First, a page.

How Do You Transition to the Second Row of Half Double Crochet Stitches?
When following a pattern, always follow the pattern’s directions for how to transition to each new row. However, if you are creating your own work, there are some general standards for transitioning to each new row, depending on the stitch you are using.
Transition stitches, called turning chains, are made to grow your work another row taller. So in general, you need to make a number of turning chains equal to the height of the next row of work. For half double crochet stitches, I find that two turning chains will give you the right amount of height.
Additionally, your pattern will inform you where to put the first half double crochet in the second (or subsequent) rows. A lot of times, the turning chains will count as your first stitch, so your first half double crochet will actually go into the second stitch.
How Do You Finish Off a Project With the Half Double Crochet Stitch?
When you’re ready to finish your project or swatch of half double crochets, typically you will “fasten off” and weave in your ends. To fasten off your yarn, first, you need to cut the yarn away from the skein, leaving a tail about 6-8″ from the end of your work.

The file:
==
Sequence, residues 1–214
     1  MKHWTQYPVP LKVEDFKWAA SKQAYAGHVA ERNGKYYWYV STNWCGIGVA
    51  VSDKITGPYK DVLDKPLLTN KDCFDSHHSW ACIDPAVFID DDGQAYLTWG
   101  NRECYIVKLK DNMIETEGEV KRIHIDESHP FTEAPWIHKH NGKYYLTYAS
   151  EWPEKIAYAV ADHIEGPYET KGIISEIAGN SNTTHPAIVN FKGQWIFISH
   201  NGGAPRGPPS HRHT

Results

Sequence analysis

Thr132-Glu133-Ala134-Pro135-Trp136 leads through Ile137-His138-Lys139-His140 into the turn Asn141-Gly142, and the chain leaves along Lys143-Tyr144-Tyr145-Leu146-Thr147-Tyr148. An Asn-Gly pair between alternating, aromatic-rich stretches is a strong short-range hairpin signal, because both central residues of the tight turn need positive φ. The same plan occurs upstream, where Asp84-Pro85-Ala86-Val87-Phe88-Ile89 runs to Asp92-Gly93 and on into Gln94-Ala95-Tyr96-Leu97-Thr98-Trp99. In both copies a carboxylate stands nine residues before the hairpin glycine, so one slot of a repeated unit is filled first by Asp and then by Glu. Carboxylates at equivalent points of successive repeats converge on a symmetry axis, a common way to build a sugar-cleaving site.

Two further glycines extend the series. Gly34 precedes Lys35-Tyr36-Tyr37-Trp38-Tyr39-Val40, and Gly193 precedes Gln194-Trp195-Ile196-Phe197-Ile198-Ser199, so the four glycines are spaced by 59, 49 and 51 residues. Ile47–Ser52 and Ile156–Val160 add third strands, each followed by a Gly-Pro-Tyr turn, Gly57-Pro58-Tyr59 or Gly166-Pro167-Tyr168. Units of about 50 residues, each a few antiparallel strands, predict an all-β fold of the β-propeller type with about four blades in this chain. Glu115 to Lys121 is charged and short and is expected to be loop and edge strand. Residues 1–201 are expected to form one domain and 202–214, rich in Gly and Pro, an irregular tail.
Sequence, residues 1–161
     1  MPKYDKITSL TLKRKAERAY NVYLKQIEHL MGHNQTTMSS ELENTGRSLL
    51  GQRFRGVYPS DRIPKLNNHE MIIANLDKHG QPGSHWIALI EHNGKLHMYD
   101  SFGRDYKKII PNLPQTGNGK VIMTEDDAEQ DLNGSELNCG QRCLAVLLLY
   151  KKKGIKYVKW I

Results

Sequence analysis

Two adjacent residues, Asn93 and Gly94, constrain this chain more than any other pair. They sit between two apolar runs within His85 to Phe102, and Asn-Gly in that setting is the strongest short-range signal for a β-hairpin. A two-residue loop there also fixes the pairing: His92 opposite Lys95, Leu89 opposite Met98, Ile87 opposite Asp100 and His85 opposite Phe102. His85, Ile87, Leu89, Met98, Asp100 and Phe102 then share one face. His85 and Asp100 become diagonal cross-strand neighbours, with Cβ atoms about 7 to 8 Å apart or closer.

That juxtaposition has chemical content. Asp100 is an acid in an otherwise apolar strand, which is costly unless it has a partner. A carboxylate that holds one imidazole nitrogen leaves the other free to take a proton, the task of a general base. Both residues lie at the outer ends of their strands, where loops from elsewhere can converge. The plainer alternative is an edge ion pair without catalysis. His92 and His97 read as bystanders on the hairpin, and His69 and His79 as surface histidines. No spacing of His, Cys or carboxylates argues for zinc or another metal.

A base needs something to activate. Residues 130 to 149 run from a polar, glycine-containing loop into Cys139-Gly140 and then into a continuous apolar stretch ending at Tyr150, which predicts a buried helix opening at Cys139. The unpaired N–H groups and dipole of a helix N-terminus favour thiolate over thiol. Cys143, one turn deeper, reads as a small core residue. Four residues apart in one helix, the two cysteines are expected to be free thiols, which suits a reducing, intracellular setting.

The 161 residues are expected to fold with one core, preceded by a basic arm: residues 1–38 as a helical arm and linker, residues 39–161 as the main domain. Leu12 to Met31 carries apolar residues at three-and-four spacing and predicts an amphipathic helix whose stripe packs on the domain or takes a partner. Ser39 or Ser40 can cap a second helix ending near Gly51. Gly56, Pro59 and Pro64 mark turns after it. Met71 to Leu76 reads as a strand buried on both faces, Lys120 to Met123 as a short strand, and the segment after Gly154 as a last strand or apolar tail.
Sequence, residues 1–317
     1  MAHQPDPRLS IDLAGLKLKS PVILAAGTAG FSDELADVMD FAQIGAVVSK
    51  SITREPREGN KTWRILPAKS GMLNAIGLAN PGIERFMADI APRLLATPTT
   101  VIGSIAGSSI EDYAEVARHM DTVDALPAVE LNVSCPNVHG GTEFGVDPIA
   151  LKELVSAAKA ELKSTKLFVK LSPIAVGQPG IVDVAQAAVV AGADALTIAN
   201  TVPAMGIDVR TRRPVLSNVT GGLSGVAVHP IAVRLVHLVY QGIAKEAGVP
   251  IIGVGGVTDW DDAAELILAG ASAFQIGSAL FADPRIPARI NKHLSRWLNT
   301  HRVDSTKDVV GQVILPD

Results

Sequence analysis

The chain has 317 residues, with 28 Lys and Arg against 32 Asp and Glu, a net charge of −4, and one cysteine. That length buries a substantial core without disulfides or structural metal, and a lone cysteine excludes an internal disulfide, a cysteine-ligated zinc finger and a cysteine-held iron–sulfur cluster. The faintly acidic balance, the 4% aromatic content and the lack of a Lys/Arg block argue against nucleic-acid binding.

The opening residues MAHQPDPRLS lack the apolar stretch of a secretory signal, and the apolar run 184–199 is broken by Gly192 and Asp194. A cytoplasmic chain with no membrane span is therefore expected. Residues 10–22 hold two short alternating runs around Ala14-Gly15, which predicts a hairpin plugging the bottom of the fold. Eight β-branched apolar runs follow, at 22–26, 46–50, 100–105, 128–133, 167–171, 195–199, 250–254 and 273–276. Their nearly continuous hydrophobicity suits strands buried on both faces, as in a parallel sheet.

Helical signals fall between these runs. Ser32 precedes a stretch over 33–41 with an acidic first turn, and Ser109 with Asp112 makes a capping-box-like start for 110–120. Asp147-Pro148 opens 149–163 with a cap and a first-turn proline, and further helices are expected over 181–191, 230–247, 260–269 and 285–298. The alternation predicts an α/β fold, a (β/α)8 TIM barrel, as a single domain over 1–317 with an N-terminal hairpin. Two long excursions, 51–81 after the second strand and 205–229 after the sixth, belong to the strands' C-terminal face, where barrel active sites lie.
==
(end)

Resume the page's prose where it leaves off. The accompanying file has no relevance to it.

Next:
While your hook is still on your project, make a chain. Then, continue to pull your hook upward until that tail comes all the way through your work. Next, pull the tail so that the little knot that you created is tightened close to your project.
Then, using your yarn needle, weave the yarn into the fabric so that it secures itself and disappears into your work. My tip is to weave the yarn through several stitches, going in the direction of the stitches. Go in multiple directions so that the yarn gets locked in and unlikely to come unraveled in the future (especially for projects that will get washed or manipulated a lot – think blankets, scarves, etc.).
Once you’re thoroughly weaved in your yarn tail, use your scissors to trim the yarn close to your fabric. Be careful not to cut the fabric itself.
What Are the Variations That Can Be Done With the Half Double Crochet Stitch?
Once you get the hang of the regular half double crochet stitch, I encourage you to try one of these variations listed below. To create any of them, you need to follow steps 1-3 above, but the variation happens when you insert your hook in step 1.
Half Double Crochet in the Front Loops Only (FLO)